By Michael Eboh
A coalition of civil society groups under the aegis of Civil Society for Development Initiative, CSDI, have accused oil marketers of pushing for a return of the fuel subsidy regime.

Long Queque at Conoil Fuel Station along Aba Road in Port Harcourt weekend. Photo: Nwankpa Chijioke

CSDI, in a statement in Abuja, signed by its National Coordinator, Comrade Abolore Bakare, disclosed that to achieve their aims, the marketers had to create an artificial fuel crisis whi‎ch plunged Nigerians into weeks of chaos and suffering.

‎Bakare maintained that the fuel scarcity was artificial, adding that it was the handiwork of those running the oil and gas downstream to foist their exploitative interest on the NNPC through a return of the subsidy regime and price increase.

According to him, oil marketers have something up their sleeves and are trying to hoodwink the Buhari-led administration into reintroduction of the subsidy regime.

The group wondered how the oil marketers arrived at a proposed pump price of N171.05 which NNPC declined, and which led to clandestine activities, which led to their creating the fuel scarcity.

Bakare said, “We have it on good authority that oil marketers proposed an increase in the pump price of petrol to N171.05 per litre, which the NNPC declined. That was why they have decided to create artificial scarcity.

“It is glaring to all Nigerians that the downstream industry players have made up their minds to sabotage effort of government at all cost. That’s why they are hoarding fuel at filling stations across the country.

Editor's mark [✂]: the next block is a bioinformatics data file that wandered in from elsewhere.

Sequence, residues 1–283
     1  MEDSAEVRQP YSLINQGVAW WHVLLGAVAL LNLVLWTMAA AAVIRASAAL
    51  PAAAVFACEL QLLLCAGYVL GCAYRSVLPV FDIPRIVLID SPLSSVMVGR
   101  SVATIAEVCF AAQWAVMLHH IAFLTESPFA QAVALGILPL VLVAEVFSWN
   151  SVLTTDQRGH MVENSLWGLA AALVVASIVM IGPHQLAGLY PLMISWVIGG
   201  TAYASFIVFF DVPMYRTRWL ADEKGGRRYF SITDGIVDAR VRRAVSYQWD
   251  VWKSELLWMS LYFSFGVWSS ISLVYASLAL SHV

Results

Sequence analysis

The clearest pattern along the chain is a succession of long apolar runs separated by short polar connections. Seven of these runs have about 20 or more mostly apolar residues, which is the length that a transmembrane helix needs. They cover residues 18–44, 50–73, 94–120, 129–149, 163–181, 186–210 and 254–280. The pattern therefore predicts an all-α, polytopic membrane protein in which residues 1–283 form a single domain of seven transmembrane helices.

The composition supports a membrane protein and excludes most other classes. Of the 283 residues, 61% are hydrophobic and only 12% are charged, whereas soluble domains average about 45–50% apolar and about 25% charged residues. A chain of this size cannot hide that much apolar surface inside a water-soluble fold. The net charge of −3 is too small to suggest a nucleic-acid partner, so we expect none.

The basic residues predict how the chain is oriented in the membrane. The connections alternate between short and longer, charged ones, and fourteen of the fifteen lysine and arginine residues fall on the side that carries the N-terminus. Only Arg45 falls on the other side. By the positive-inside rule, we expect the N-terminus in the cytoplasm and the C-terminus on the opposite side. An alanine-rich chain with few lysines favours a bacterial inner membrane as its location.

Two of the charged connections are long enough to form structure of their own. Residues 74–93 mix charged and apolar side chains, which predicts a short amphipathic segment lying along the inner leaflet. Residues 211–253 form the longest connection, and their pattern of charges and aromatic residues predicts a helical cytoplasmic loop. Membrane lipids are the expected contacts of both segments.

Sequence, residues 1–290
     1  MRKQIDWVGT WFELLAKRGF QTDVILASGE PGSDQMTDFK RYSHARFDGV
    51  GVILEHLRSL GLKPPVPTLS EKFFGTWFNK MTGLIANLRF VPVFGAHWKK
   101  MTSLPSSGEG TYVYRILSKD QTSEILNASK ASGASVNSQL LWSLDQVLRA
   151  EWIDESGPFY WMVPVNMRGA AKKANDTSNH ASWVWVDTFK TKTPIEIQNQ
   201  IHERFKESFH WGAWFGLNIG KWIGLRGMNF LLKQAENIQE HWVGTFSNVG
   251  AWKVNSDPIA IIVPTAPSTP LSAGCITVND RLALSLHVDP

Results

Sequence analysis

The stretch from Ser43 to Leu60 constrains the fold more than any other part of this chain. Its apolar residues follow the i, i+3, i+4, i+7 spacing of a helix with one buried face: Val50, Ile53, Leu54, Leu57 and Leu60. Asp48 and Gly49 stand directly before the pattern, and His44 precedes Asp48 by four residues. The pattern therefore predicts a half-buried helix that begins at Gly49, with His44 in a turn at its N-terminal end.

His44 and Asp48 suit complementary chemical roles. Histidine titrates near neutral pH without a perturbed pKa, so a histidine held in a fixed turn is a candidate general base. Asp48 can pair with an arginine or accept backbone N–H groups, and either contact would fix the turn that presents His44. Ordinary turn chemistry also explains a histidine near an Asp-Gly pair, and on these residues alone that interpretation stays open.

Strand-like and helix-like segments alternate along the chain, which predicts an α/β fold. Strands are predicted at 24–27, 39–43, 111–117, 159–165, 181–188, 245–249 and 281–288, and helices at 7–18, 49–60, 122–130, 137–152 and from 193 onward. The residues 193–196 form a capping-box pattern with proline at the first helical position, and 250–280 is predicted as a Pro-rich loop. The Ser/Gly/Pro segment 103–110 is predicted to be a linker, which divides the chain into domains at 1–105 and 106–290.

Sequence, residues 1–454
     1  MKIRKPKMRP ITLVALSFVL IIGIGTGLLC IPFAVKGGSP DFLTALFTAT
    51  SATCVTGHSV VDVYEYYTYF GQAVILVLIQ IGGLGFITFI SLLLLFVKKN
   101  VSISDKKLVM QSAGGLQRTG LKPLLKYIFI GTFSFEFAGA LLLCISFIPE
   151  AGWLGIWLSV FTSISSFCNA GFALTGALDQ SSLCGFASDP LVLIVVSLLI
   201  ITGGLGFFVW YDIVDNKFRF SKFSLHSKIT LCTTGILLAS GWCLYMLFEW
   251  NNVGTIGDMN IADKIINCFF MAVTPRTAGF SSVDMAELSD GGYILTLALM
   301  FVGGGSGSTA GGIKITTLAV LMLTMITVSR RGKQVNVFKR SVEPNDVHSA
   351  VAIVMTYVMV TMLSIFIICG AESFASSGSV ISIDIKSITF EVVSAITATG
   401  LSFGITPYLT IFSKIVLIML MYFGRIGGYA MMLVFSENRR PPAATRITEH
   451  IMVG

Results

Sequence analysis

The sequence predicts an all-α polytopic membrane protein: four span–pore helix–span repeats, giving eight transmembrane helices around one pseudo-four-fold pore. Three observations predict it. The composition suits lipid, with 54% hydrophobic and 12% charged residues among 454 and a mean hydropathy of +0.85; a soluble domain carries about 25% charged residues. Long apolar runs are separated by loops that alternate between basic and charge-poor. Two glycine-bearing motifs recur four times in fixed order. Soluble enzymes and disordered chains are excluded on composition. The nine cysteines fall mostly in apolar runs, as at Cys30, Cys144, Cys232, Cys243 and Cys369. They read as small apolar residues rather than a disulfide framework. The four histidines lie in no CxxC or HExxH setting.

“We are appalled that when officials of NNPC including the Group Managing Director, Mr. Maikanti Baru; the Executive Secretary of the Petroleum Products Pricing Regulatory Agency, PPPRA, and Minister of State for Petroleum Resources embarked on supervisory tour of filling stations, those sabotours stuck to their guns.”

The group further accused the Independent Petroleum Marketers Association of Nigeria, IPMAN and the Petroleum and Natural Gas Senior Staff Association of Nigeria, PENGASSAN, of complicity, particularly for declining the Senate Committee on oil and Gas (downstream’s) invitation, a situation, they described as anti-thetical to policies of government at ensuring that Nigerians enjoy the dividends of democracy.

Bakare urged the management of the NNPC not to acquiesce to the demand of the marketers, stating that the period of allowing few oil cabals hijack the destiny of Nigerians had passed.

The group commended the Senate Committee for taking steps towards curtailing the dangerous antics of the oil marketers, while it passed a vote of confidence on NNPC management.

It also urged Nigerians not to play the second fiddle for any reason since they were the direct victims of the hardship orchestrated by those who did not mean well for the nation.


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